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It's not good news, I'm afraid. This from Jaems (the distributor) (sorry
about the length of hs post):
Hi fellow Director developers,
After a lengthy silence, suddenly four whole pages. I'd better make
I'll start with an Irish joke and end with a Russian joke. Somewhere
in the middle, I'll mention the OSControl Xtra, because that's what
some of you are expecting. But it's just a case in point. My main
concern is how Director is going to grow from here on.
Here's the Irish joke.
Father McKenzie is the new parish priest. He sees old Michael
McGregor working away in his garden, just beside the church, and goes
over to introduce himself. He admires Mr McGregor's fine display of
flowers and his neat rows of vegetables.
"Isn't it just amazing," Father McKenzie says, "what Man can achieve
with God's help?"
Michael McGregor pushes his cap back on his head, leans on his spade
and looks Father McKenzie in the eye.
"Aye," he says. "That it is. Now it's a pity you couldn't have seen
this garden when God had it all to Himself."
Director is now an Adobe product. But more than that, it is now an
Indian product. Apart from Dr Allen Partridge, Dan Sadowski and Rick
Jones, all the members of the current Director team that I am aware of
are based in India.
This has far-reaching consequences for Director.
The Indian attitude to time is quite different from that in the West.
In the West, we are constantly bombarded with advertising, commercials
and marketing hype. Television, magazines, hoardings and the Internet
train us from infancy to expect instant gratification as soon as we
purchase product X. Time, the saying goes, is money. Life is a fast-
The Indian culture is older and deeper. The game we know as Snakes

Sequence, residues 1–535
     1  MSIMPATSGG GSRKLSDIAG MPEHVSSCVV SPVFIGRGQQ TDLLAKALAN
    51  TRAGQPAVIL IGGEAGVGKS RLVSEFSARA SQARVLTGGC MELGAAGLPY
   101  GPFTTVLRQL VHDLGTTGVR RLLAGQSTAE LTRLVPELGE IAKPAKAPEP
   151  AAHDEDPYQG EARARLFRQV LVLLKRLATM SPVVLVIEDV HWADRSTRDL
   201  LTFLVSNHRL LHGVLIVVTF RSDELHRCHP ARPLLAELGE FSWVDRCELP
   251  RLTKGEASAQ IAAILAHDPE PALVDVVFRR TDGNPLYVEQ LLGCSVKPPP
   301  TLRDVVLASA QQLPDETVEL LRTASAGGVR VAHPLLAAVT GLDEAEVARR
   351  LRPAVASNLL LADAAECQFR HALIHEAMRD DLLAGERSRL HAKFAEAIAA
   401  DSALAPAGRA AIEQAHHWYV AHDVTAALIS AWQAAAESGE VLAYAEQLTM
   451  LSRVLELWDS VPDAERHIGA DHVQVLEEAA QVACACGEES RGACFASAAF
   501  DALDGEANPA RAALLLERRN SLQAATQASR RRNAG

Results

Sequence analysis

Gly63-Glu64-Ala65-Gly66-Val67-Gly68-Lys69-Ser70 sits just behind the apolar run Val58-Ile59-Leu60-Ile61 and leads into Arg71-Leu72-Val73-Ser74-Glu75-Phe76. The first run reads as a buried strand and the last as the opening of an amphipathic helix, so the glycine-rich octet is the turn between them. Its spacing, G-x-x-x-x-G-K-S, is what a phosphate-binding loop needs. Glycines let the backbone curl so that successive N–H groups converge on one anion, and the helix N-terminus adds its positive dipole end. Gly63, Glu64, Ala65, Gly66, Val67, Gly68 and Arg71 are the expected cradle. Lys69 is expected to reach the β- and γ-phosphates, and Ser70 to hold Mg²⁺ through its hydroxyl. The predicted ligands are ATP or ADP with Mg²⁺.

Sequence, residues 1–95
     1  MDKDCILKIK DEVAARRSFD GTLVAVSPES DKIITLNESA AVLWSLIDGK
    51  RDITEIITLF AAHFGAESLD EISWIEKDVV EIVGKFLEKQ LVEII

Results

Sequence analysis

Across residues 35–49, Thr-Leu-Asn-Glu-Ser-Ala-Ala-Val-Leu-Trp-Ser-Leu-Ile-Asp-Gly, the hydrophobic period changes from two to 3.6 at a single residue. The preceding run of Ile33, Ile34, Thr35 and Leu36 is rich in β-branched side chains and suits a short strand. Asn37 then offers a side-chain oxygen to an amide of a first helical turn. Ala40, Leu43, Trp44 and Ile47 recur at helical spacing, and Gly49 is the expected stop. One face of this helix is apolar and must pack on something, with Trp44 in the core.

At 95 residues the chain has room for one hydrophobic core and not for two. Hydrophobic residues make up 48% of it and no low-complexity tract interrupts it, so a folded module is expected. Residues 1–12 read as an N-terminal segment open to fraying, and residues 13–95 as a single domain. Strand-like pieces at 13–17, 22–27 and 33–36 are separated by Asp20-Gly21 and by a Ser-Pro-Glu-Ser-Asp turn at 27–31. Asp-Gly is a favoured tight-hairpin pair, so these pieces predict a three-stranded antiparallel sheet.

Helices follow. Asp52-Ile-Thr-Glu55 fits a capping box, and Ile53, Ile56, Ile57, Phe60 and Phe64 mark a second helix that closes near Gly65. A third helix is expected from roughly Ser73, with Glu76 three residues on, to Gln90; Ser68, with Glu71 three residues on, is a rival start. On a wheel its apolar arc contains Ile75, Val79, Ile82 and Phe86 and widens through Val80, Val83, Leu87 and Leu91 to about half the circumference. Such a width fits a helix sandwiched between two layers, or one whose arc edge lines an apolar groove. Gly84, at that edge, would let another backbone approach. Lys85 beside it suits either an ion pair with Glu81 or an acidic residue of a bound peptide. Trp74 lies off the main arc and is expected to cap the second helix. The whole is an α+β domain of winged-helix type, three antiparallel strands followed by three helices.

and Ladders (or Chutes and Ladders) originated as an Hindu morality
game representing life, death and re-incarnation. If you do good
deeds in this life, you leave the board momentarily, climb a ladder,
and come back further along your path. If you behave badly, death is
like a snake that leads you back down so that you get another chance
to learn life's lessons. Reaching perfection can take many lifetimes.
A mature river meanders before it reaches the sea. It is unstoppable
but knows no urgency.
Director is now an Indian product. The development team are prepared
to invest many lifecycles to bring it to full maturity. What have
they done for Director 11?
Unicode is huge. Unicode touches every part of the product. Making
Director Unicode-compliant has meant dismantling it and putting it
back together, piece by modified piece. In the process, the new
Director team has cleaned up years' and years' worth of quick fixes
and hastily added features, and brought the core code up to modern
standards. This has taken time. Time that can be measured in man-
lives rather than man-years.
Yet on the surface, next to nothing has changed.
A change of this scale requires courage. Director's current Western
client base expects to be wowed. We have waited so long for something
new. We expected novelty.
The rest of the world has not yet woken up to the fact that Director
is now a powerful tool that will allow them to express their own
identities and cultures. When (or if) they do, the choice of Unicode
will be justified. Speakers of Unicode-free English are now a
minority on the Internet.
But Director is not alone. One of the keys to its success is the
biodiversity of third-party xtras that extend Director's
capabilities. Making Director 11 Unicode-compliant means that non-
Unicode-compliant xtras will no longer work correctly with Director
11. Director's metamorphosis has forced all xtra developers to
metamorphose their own xtras. This is not a trivial task.
Many of the more delicate plants in the xtra ecosystem will not
survive. There are Xtra developers whose focus has changed over the
last few years, and who no longer benefit personally from the xtras
they have created. There are niche xtras where the effort of adding
Unicode compliance outweighs any possible return on investment. For a
small percentage of developers, some of these endangered xtras are
indispensible: without them, Director as a whole loses much of its
Director needs a thriving culture of third-party xtras if it is to
evolve. It takes a great deal of courage to opt for a radical, long-
term approach that disturbs both the existing client base and the
Here's how the change has affected one xtra, the OSControl Xtra, which
I happen to know a little about. This may be a typical case or not.
The OSControl Xtra has a symbiotic relationship with Director. If it